Utica might have more nicknames than any other American city. From the 1930s through 1950s, corrupt leadership led to the nickname “Sin City.” When industry and employment collapsed during the post-WWII years, we were known as “The City that God Forgot.” As our population plummeted in the late 20th century, residents put bumper stickers on their cars declaring, “Last One Out of Utica, Please Turn Out The Lights.”
Well, the lights are still on, but we’ve still got some problems. Almost 1 in 3 people (30.1%) in Utica live below the poverty level (compared to 14.9% overall in New York state). Our per capita income is a measly $17,775 — barely more than half the state average of $32,104. And the number of homeless people in Utica and Oneida County is on the rise — about a 15% jump from last year to now. About 30,000 people in Oneida struggle with hunger on a daily basis.
God calls us to reach out to these neighbors in need. At the Rescue Mission of Utica, our calling comes straight from Scripture: “To share your food with the hungry and to provide the poor wanderer with shelter — when you see the naked, to clothe him.” (Isaiah 58:6-7)
Utica has a couple of newer nicknames that we’re proud of. Because more and more immigrants have settled into our community in recent decades, the United Nations called us “The Town that Loves Refugees.” That’s nice, but we’ve really embraced the nickname that came from Reader’s Digest: “The Second Chance City.” That’s a great description of the Rescue Mission of Utica, too. We’re a source of second chances, a place where people can come to start over and find new beginnings.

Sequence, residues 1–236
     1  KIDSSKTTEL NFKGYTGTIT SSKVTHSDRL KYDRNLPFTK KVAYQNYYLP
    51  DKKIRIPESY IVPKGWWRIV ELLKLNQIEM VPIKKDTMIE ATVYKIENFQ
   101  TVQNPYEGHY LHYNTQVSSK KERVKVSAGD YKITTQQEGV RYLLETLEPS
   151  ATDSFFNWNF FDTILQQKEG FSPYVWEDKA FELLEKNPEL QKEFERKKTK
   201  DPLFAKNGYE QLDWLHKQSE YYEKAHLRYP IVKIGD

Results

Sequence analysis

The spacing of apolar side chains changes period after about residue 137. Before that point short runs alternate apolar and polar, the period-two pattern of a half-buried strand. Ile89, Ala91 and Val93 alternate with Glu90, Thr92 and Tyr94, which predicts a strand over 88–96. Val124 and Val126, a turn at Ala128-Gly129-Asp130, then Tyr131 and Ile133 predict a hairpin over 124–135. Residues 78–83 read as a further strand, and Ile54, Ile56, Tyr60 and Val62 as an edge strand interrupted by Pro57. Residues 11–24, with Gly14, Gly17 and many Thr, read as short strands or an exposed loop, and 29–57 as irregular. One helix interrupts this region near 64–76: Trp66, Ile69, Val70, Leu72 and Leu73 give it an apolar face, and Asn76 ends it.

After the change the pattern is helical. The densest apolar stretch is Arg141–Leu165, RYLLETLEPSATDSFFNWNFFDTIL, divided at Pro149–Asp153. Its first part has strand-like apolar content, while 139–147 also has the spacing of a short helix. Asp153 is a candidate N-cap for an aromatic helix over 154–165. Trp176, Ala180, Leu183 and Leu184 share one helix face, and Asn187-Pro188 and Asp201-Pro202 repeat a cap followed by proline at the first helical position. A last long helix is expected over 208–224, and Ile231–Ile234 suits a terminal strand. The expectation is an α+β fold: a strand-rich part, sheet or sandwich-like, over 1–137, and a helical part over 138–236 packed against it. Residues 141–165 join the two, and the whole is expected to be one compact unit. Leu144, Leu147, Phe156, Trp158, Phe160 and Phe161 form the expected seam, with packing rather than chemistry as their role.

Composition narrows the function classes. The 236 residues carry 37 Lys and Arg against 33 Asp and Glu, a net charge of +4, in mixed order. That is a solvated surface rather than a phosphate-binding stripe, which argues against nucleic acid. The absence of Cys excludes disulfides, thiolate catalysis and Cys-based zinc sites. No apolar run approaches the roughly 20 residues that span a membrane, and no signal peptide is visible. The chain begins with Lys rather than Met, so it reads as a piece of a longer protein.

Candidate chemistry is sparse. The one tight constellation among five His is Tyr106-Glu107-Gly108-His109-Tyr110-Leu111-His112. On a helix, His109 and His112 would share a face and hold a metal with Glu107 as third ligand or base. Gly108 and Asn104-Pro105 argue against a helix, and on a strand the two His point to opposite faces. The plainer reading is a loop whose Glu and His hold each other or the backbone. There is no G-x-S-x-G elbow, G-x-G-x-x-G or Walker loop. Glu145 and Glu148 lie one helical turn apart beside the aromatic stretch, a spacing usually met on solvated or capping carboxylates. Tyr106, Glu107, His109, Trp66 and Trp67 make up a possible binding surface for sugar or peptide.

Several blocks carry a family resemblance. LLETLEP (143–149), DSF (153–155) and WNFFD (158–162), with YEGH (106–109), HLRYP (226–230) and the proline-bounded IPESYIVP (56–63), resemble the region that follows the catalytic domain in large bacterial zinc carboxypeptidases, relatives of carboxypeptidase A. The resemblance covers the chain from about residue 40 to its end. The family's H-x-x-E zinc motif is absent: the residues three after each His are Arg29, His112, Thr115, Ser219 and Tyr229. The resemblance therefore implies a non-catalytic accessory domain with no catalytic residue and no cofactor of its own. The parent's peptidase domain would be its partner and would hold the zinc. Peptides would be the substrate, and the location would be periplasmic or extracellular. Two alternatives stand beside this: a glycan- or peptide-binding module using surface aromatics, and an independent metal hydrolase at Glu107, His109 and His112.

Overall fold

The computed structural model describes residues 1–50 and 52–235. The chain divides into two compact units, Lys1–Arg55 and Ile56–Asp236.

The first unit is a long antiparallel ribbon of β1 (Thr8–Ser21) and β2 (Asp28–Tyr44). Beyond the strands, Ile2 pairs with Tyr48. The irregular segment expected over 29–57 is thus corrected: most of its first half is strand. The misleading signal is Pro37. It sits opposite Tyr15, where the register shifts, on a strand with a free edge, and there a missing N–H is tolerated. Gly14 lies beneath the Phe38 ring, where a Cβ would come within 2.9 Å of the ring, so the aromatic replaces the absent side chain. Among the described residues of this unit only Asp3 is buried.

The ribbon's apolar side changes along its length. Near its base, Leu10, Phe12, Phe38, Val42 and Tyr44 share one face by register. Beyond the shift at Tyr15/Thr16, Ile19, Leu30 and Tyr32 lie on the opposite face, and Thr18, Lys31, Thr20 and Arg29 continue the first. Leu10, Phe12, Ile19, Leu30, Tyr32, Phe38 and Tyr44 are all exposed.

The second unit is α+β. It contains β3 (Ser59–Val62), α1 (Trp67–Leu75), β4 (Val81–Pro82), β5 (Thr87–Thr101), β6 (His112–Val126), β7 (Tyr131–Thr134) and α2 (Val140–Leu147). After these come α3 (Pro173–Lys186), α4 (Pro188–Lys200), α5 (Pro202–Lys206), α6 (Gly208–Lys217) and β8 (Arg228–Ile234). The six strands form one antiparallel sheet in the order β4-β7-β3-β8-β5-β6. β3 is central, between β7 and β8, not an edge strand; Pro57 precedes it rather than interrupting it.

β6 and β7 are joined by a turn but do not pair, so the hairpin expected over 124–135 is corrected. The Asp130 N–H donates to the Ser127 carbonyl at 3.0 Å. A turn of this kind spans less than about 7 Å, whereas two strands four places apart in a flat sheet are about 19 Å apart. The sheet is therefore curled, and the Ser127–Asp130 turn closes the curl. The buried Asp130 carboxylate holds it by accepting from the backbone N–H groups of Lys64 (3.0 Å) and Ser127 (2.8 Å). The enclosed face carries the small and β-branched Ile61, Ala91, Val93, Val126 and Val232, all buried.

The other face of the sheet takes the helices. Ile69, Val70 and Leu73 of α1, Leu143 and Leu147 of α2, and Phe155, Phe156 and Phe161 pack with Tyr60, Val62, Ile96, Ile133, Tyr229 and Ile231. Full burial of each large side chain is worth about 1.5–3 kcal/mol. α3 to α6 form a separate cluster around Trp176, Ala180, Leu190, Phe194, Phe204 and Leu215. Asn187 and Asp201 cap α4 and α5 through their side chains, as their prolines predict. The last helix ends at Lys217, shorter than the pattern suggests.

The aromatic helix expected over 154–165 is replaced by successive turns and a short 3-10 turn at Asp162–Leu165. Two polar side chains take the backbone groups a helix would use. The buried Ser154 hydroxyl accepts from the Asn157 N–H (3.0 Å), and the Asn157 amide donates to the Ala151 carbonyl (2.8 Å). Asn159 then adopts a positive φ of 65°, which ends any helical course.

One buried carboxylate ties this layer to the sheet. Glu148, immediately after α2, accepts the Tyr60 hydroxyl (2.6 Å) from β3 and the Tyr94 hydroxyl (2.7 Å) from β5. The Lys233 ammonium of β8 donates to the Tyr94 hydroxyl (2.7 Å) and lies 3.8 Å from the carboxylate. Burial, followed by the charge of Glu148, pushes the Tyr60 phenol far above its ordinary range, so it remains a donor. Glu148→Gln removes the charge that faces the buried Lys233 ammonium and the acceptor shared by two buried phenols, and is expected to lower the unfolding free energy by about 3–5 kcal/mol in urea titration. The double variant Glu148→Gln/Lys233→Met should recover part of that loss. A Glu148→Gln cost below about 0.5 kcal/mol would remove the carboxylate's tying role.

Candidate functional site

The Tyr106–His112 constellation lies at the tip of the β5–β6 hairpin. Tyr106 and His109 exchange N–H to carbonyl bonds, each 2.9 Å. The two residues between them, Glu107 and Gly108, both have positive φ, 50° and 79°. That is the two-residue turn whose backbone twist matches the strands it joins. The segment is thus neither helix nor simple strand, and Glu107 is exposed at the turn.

our solutionYour support of the Rescue Mission equips us to reach out to men, women, children, and families with the Good News while meeting physical, mental, emotional, spiritual and practical needs. Your support results in transformed lives and hope for the future.
We do this through our
- Emergency Shelter, providing safe lodging, meals, clothing, counseling and more
- Addictions Crisis Center, a medically monitored withdrawal service. A new peer support advocate program was implemented in June 2016 to help those struggling with addiction.
- Residential Aftercare Program, a 6-9 month program for men
- Enriched Living Center, a residential program for adults with mental illness
- Learning Center, which equips participants with employment skills
- Spiritual Life Program, which helps residents grow in the Christian faith
- Representative Payee Program, helping disabled people manage their finances
- Skills for Success Job Training Program, a construction skill building program where individuals strive to gain meaningful career opportunities and employment through a construction trades program
- Community Service Outreach, providing food boxes, clothes, and more…
Utica, NY 13501